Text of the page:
5 | 91 | 101.45 | 98.9 | 100 |

Mean Recovery | 101.09 | 99.67 | 97.66 | |

RMSE | 0.79 | 0.815 | 2.86 | |

Validation Data | ||||

18 | 92 | 99.99 | 103.26 | 100 |

19 | 93 | 99.87 | 100 | 100 |

20 | 96 | 99.99 | 101.25 | 100.4 |

21 | 60 | 100.01 | 102.73 | 100 |

Mean recovery | 99.96 | 101.81 | 100.1 | |

RMSE | 0.006 | 1.81 | 0.195 |

**Table 2:** Recovery data obtained by application of the Levenberg- Marquardt, Conjugate and Bayesian algorithms.

As it can be observed in **Table 2**, among the three algorithms the Root Mean Square Error (RMSE) of the Levenberg-Marquardt algorithm is lower than the Conjugate and Bayesian algorithms. The RMSE is defined by the following equation [34]:

Where *y _{pred}* is the predicted value in the sample,

*y*is the actual value of the sample, N is the number of samples and e is the mean of the actual value.

_{obs}**Fuzzy inference system model**

There are three inputs containing the concentration of the solution (c), amount of absorbent (mg) and pH of the solution (pH).

In the proposed model, 9 rules are established, and these rules can be expressed in the if-then form. For example:

Rule 1: If input 1=4 and input 2=0.02 and input 3=7 then output=89

Rule 2: If input 1=4 and input 2=0.02 and input 3=7 then output=100

**Table 3** shows fuzzy inference rules for the multivariate systems. **Figure 7** shows the rule viewer of FIS model.

Serial No | C | mg | pH | Recovery (%) |
---|---|---|---|---|

1 | 2 | 0.01 | 5 | 20 |

2 | 4 | 0.02 | 5 | 55 |

3 | 6 | 0.05 | 5 | 60 |

4 | 2 | 0.01 | 7 | 88 |

5 | 4 | 0.02 | 7 | 92 |

6 | 6 | 0.05 | 7 | 93 |

7 | 2 | 0.01 | 9 | 96 |

8 | 4 | 0.02 | 9 | 89 |

9 | 6 | 0.05 | 9 | 91 |

**Table 3:** Fuzzy rules of FIS and ANFIS models.

In this model, the relationship between the concentration (c), adsorption dosage (mg), and percent recovery is presented in **Figure 8**.

Also predicted values against actual values for FIS model is shown in **Figure 9**.

In **Figure 9** the R^{2} value is 0.9975 that indicates better ability of the prediction of this model. Mean recovery (%) and RMSE of the proposed method calculated are summarized in **Table 4**.

FIS | ||
---|---|---|

Actual | Predicted | Recoveries (%) |

20 | 20 | 100 |

55 | 55 | 100 |

60 | 60 | 100 |

88 | 88 | 100 |

92 | 92 | 100 |

93 | 93 | 100 |

96 | 96 | 100 |

89 | 96 | 104.49 |

91 | 91 | 100 |

Mean | 100.49 | |

RMSE | 1.33 |

**Table 4:** Recovery and RMSE obtained by application of the FIS model.

The results in **Table 4** show that this model is fairly good for predicting the mean recovery (%) and RMSE values. As can be observed in **Table 4**, the value of RMSE was found to be 1.33.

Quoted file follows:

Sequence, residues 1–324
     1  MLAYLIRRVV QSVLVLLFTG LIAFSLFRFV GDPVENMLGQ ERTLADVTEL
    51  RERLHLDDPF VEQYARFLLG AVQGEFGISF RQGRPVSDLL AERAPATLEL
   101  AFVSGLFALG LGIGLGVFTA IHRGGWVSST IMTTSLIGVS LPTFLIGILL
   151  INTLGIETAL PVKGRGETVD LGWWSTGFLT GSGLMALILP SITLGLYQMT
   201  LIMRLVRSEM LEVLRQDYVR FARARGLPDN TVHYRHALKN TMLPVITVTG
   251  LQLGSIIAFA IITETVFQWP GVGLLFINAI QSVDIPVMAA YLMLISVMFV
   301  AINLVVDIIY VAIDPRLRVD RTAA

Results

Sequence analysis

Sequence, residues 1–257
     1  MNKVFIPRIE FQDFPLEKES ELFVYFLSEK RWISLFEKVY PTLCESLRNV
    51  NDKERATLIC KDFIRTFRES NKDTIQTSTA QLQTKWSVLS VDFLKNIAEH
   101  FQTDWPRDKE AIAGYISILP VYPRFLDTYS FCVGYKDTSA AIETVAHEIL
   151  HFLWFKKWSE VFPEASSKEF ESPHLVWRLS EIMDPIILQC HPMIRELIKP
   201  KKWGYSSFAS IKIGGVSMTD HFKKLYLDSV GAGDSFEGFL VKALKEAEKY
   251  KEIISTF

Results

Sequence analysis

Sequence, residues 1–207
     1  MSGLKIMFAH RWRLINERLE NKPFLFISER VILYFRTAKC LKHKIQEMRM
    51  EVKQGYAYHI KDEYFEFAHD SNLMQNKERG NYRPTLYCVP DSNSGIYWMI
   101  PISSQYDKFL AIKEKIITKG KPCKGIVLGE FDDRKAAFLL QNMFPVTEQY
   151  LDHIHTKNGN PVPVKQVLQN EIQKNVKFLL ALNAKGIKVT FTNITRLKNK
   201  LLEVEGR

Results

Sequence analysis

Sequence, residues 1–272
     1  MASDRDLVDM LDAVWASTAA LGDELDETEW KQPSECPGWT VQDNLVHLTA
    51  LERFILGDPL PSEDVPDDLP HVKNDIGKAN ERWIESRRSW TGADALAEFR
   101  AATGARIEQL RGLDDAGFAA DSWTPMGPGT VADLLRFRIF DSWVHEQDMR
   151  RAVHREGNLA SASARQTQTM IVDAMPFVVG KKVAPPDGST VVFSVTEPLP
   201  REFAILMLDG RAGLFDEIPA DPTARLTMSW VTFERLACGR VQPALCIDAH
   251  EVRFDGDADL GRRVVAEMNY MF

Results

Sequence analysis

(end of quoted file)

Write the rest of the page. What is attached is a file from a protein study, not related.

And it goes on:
**Adaptive neuro-fuzzy inference system model**

This model developed using 9 numbers of membership functions of type 'gaussmf ' with 9 If-then rules. The Rules based on Neuro- fuzzy for multivariable are displayed in **Figures 10** and **11** represents the structure of ANFIS model which has three inputs and one output.

Each input is connected to 9 membership functions. This model has 9 rules. Each rule is connected with one membership function and these membership functions produced the output. Several types of membership functions were used in proposed models and the gaussmf shape selected based on the statistical parameters. Hybrid learning algorithm combining the least-squares method and the gradient descent method are used in ANFIS model. The developed model was applied by using 10 epochs and error of tolerance was found to be zero.

The ANFIS graphs for describing the relationship between inputs and recovery factor are presented in **Figure 12**.

The plots of the predicted versus reference values are shown in **Figure 13**.

The correlation coefficient (R^{2}) was 0.9998 which is close to 1 that shows the suitability of the ANFIS model. The statistical results of Adaptive Neuro-Fuzzy Inference System consist of mean recovery (%) are summarized in **Table 5**. **Table 5** shows that ANFIS model has the higher ability of prediction because of lowest RMSE value.

ANFIS | ||
---|---|---|

Actual | Predicted | Recoveries (%) |

20 | 20 | 100 |

55 | 55 | 100 |

60 | 60 | 100 |

88 | 88 | 100 |

92 | 92 | 100 |

93 | 93 | 100 |

96 | 96 | 100 |

89 | 90 | 101.12 |

91 | 91 | 100 |

Mean | 100.12 | |

RMSE | 0.333 |

**Table 5:** Recovery and RMSE obtained by application of the ANFIS model.

**The analysis of variance**

To investigate the existence of the significant differences between the reported variances of recovery for removing lead(II) ions the results of ANN, FIS and ANFIS models were compared with each other using ANOVA test. The obtained results are presented in **Table 6**. Due to the calculated F value which is less than the F critical, there is no significant differences between the variances at the 95% confidence level.

#### Conclusion

In this study, the prediction ability of artificial intelligence models for the removal of lead(II) ions from the aqueous solution using the magnetic nano absorbent were carried out. The artificial neural network with three different algorithms (Levenberg-Marquardt, conjugate, and Bayesian), fuzzy inference system and adaptive neuro fuzzy inference system, were used. The results obtained from the neural network with the Levenberg-Marquardt algorithm showed better performance than the other two algorithms. Moreover, according to the results obtained using FIS and ANFIS models, it can be suggested that the prediction ability of the ANFIS is better than the other model. The results from proposed models compared with the analysis of variance (ANOVA) test at the 95% confidence level showed that there were no significant differences between these models.

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Citation: Afroozeh M, Sohrabi MR, Davallo M, Mirnezami SY, Motiee F, et al. (2018) Application of Artificial Neural Network, Fuzzy Inference System and Adaptive Neuro-Fuzzy Inference System to Predict the Removal of Pb(II) Ions from the Aqueous Solution by Using Magnetic Graphene/Nylon 6. Chem Sci J 9: 185. DOI: 10.4172/2150-3494.1000185

Copyright: © 2018 Afroozeh M, et al. This is an open-access article distributed under the terms of the Creative Commons Attribution License, which permits unrestricted use, distribution, and reproduction in any medium, provided the original author and source are credited.